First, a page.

My head and heart have been a constant jumble of thoughts and memories for the last two weeks. I’m ready to unravel them a bit, though, if you’re up for joining me.
My grandmother once jokingly told me, “I can’t wait until I’m dead. Then I’ll finally be perfect.” Even though it was funny and meant to be a fleeting thought, I have held on to it knowing there was a lot of truth behind it.
My Pops was not a perfect man, but he was perfect for me…for a lot of people, actually, as evidenced at his lovely service last week. And isn’t that what everyone should receive in death? The gift of leaving a positive influence and legacy, while previous transgressions are buried and forgotten?
One of the best parts about loving someone, and this is especially true as a child becomes an adult alongside his/her parents and grandparents, is that you can strip away someone’s cape and realize they’re still your hero, weakness or faults and all. And Pops will always be a Super Hero to me.
He was truly larger than life – in physique, in voice, in wisdom, in love. He gave the best hugs, wrapping you in his strong arms allowing you to bury your head in a sea of Old Spice and whiskers.
As a child, I have happy memories of following him to work, drawing on his insurance company’s stationery, watching fishing and hunting shows and lots of baseball. I remember him taking me to watch the Astros, explaining the game as we went while eating ice cream out of little batting hats. I remember him slicing watermelon at the kitchen bar and joining us for popsicles on the patio. He and Memaw once took me to tour Houston’s sugar plant in the sweltering heat, and also let us join the audience for one of the morning shows at the TV station behind their house. It was a lifetime ago. And it was yesterday.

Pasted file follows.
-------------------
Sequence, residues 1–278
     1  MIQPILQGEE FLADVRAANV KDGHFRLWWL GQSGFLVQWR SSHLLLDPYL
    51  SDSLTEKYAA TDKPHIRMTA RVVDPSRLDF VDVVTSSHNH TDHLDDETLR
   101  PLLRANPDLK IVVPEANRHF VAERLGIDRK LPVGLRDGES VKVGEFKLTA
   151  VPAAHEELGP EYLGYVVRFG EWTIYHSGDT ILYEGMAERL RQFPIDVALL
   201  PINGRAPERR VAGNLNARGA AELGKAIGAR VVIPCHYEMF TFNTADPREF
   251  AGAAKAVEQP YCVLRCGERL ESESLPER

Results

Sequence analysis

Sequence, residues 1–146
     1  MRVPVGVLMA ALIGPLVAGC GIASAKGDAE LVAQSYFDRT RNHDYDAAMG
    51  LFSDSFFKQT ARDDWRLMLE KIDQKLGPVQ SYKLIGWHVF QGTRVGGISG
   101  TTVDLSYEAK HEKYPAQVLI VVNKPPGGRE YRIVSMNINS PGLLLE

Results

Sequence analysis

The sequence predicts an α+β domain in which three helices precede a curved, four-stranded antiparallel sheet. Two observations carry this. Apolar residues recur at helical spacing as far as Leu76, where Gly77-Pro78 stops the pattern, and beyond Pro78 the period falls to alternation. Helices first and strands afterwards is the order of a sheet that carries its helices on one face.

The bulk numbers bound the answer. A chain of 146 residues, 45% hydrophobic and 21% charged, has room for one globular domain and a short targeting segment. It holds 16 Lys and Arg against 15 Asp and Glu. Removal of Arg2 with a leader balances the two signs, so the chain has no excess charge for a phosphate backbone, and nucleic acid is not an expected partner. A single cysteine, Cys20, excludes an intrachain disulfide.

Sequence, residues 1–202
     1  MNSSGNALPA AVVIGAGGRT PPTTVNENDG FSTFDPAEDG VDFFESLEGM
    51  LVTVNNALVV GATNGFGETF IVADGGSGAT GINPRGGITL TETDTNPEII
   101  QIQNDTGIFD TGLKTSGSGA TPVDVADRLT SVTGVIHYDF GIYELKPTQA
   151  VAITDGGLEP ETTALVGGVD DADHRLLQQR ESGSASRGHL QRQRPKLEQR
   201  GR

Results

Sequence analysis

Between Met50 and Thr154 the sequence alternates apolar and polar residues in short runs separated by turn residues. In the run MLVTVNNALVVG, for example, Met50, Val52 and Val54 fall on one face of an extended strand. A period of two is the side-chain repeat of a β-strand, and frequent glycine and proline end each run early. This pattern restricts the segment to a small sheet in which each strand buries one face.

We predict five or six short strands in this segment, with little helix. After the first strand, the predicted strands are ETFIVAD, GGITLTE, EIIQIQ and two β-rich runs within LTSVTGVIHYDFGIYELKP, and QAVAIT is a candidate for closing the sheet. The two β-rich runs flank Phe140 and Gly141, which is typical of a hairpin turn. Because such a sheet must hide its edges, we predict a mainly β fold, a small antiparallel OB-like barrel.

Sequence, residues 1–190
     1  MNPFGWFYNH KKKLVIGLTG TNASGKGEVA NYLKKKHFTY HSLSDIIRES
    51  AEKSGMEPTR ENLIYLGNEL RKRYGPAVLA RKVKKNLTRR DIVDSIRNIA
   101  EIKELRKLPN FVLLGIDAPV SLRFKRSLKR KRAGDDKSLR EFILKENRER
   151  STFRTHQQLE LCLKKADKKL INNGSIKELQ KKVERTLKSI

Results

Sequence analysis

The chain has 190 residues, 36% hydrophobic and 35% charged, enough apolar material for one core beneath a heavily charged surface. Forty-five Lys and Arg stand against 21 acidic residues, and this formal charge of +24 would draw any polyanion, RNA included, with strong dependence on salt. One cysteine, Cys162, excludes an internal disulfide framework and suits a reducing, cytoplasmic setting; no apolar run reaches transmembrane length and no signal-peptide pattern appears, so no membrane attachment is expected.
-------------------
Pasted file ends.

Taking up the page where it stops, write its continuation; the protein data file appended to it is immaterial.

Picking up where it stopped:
I have waves of memories crashing against me at all times, way too many for one post or even one blog. But there are a few thoughts I’d love to share.
I come from a dog-lovin’ family. Seriously. No one loves dogs like we do and my grandparents had several over the years. When Pops suffered his stroke in 1998, he struggled with memory and speech, always laughing when he’d call something the wrong name – knowing it was incorrect, even if he couldn’t remember what was right. Once when my family was in Houston he called my sister “Bootsie,” the name of his beloved childhood dog. In jest, someone said “What are we, Pops? Just a bunch of bitches to you?” And there we were born: Pops’ Bitches.